What it takes to bake a high fiber label .

If you’re in search of ways to boost your brand, consider adding “high fiber” to your label. The public pays attention to what’s on the label, and fiber is a great selling point.

What counts as a “good source of fiber?”

Food with 5 grams or more of fiber per servings. The FDA regulates that the terms “high” may be used on the label when the food contains 20% or more of the RDI (Reference Daily Intake) or the DRV (Daily Reference Value) per reference amount customarily consumed.

But how will high fiber affect my dough?

  • Increase in the water absorption of dough during mixing
  • Increase in the development time and decrease in the mixing stability
  • Decrease in dough development during proofing
  • Change in the extensional properties i.e. decrease in dough extensibility
  • Change in the viscous and elastic moduli i.e. dough becomes stiffer, or in some cases stickiness is increased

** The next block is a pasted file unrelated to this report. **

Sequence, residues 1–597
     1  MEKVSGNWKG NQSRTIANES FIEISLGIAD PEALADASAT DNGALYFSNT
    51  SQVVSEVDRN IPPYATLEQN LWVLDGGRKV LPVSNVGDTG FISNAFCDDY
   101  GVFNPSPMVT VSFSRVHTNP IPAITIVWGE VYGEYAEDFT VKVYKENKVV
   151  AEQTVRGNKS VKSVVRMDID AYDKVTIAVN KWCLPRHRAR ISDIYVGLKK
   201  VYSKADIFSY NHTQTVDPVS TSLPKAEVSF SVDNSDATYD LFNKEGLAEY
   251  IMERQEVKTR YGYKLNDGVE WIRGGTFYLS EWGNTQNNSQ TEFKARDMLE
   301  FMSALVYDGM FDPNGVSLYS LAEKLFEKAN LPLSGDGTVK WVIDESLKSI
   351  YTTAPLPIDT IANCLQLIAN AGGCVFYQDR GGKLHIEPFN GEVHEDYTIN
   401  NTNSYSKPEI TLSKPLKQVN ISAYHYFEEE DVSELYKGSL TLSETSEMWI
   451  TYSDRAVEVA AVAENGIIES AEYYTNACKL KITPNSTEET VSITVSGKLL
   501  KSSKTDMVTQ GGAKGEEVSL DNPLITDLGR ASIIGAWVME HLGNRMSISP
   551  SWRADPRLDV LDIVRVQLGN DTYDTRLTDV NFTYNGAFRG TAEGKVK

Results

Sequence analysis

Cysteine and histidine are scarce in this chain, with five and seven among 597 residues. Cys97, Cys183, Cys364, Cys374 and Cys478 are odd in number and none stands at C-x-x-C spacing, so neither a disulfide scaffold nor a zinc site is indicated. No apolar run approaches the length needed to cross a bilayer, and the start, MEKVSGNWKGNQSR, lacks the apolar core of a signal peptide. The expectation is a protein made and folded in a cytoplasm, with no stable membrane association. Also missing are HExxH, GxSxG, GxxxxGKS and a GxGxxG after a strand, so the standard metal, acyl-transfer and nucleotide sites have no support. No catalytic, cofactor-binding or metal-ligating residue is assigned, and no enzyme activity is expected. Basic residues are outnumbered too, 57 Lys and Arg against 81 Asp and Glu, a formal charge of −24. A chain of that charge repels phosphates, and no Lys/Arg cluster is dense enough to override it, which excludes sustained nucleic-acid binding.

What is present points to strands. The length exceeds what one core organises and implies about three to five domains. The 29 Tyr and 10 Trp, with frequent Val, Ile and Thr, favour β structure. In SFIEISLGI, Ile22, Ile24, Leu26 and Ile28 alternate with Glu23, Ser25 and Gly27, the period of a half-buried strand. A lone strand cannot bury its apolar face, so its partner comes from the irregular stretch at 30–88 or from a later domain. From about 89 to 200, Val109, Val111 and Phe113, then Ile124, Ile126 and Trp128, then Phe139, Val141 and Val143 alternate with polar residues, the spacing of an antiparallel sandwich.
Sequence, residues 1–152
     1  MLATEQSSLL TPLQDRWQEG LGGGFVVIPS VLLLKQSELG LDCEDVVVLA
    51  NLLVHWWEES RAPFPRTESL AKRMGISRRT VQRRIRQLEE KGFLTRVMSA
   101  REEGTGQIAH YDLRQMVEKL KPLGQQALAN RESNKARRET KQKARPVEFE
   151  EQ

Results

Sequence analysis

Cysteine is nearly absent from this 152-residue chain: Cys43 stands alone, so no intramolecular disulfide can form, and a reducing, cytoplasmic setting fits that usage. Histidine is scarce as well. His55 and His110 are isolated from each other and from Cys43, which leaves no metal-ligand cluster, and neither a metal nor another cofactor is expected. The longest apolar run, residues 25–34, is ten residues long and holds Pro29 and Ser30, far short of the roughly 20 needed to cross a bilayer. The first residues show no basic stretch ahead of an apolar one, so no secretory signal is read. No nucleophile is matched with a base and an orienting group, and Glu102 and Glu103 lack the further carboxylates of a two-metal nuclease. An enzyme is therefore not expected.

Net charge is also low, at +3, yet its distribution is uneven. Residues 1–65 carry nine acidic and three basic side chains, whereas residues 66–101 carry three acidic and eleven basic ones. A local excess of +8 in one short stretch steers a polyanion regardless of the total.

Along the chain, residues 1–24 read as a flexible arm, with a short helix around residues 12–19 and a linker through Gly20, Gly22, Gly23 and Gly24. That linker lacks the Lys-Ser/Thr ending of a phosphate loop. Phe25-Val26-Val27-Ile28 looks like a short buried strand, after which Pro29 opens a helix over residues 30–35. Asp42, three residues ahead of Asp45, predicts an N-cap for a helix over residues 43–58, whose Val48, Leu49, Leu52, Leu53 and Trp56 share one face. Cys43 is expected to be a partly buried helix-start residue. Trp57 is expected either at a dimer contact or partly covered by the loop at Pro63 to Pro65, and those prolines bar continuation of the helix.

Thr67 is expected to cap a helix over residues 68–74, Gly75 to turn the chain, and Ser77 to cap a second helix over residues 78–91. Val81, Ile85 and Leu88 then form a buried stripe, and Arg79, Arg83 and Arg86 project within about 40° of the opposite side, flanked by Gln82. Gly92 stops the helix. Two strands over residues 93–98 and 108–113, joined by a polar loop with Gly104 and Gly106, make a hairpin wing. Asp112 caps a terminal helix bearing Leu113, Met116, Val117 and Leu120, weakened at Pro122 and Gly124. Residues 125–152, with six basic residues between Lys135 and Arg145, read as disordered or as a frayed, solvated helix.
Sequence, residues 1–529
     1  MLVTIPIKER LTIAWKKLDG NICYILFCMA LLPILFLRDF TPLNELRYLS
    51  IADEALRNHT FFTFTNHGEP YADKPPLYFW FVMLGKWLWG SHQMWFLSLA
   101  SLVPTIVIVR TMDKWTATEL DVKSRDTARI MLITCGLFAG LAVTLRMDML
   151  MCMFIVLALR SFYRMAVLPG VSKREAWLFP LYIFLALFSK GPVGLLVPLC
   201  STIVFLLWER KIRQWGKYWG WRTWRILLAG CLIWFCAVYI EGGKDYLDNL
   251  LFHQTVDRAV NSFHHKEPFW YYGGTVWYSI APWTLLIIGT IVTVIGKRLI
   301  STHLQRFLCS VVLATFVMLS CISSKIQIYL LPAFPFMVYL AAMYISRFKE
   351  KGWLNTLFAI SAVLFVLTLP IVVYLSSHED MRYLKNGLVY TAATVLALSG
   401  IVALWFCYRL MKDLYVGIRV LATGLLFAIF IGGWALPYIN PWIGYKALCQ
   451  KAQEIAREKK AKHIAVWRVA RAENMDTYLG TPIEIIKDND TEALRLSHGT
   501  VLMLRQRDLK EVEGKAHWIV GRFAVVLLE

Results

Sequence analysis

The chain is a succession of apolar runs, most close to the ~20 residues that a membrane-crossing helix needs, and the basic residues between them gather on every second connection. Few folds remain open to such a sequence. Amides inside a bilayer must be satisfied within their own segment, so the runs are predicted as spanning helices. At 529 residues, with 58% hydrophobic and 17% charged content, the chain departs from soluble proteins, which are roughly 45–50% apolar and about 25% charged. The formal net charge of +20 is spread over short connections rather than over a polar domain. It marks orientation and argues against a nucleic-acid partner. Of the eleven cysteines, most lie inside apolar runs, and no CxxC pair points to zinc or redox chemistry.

• The final product will have some negative changes in appearance, texture, taste and volume, as well.

How do I improve the quality?

There are a few ways you can make high fiber work for your product:

  • Add enzymes: alpha-amylase, xylanase: degrade cell wall polysaccharides
  • Phytase: the crumb firmness is reduced in whole wheat bread by adding phytase and the effect of phytase is attributed to the activation of endogenous alpha-amylase
  • Sourdough fermentation: improve crumb texture and lower the rate of staling when bran is added, which attributes to an improved gluten network, changes in the water migration during staling, reduced starch retrogradation, and to degradation of cell wall components
  • Gluten

What are some good sources of fiber? Find out!